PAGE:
As gambling habits take hold, the lure of winning takes on a different form and a damage management mechanism emerges: as you accumulate losses, your desire to continue is motivated by the desire to “make it up.” This way you hold on to the hope of winning the jackpot to make up for all your lost bets. This trap is particularly powerful, since by persisting, you risk accumulating more and more losses, and thus feeding that need to make up for it, while at the same time pushing yourself further into problem gambling behaviour.
There is one element over which we have no power: chance. With it, intelligence and skill do not count. However, when faced with a game of chance, you spontaneously call upon your intelligence, as if it were a game of skill. You develop strategies, rituals. But it is all in vain. Chance is unpredictable and uncontrollable: it leaves us all powerless, whether we are intelligent or not.
Superstitions cannot influence chance either: blowing on the dice before throwing them, wearing a fetish garment, playing one’s “lucky” numbers..
In fact, the statistics are clear: the odds of losing are much higher than the odds of winning. Playing more will not make you win more. If, for example, the probability of winning a game is 1 in 100, and you have lost 99 times, you may not win the 100th time. This 1 in 100 probability is reset to zero with each new game. Only chance will decide, and there is nothing you can do about it.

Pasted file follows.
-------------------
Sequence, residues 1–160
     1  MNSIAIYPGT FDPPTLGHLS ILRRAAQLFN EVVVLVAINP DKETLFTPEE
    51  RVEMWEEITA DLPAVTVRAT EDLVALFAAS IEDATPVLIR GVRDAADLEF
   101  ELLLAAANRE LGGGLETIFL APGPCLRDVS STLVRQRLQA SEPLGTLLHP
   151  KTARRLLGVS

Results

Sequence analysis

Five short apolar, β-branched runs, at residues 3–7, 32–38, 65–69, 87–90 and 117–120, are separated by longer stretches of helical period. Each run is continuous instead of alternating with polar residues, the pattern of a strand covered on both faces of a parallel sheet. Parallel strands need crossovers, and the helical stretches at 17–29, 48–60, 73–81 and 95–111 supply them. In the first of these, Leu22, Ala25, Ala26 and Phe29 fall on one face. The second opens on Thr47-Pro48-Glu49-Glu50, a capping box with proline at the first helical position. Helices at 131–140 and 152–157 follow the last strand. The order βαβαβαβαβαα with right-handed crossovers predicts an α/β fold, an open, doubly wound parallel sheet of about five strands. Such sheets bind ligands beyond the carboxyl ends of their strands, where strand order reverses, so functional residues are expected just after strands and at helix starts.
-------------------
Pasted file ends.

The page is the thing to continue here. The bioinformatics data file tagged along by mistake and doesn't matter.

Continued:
Addiction is not an abstract phenomenon. It is based on a widely studied and known biochemical mechanism: disruption of the reward circuit.
When we perform a pleasant task, the brain produces dopamine, among other effects. Dopamine is one of the molecules responsible for the sensation of pleasure, which is why it is called the “pleasure molecule.” This molecule is a neurotransmitter secreted by the body when certain actions are performed: this is the reward circuit.
The main function of this reward circuit is to promote behaviours necessary for survival: drinking, eating, reproduction, etc. For example, when a person feels hunger, eating releases dopamine and gives the brain a feeling of pleasure and reward. The pleasure derived from these activities drives a person to repeat the activity, therefore ensuring survival.
These vital functions are not the only activities that cause us to secrete dopamine. For example, it can be secreted when gambling, using psychoactive substances, listening to music or playing sports.
To learn more, you can read the article What is addiction? on Drug: Help and Referral’s website.
If you’re concerned about your gambling or a loved one’s gambling you aren’t alone: call us at 1-800-461-0140 or use the chat room at the bottom right of the site. We can offer you customized support and information and refer you to resources adapted to your situation. Our services are available 24 hours a day, 7 days a week.
Sources: Politzer, Robert C., Charles E. Yesalis, and Clark J. Hudak. « The Epidemiologic Model and the Risk of Legalized Gambling: Where are we headed? », Health values 16 (1992), 20-27.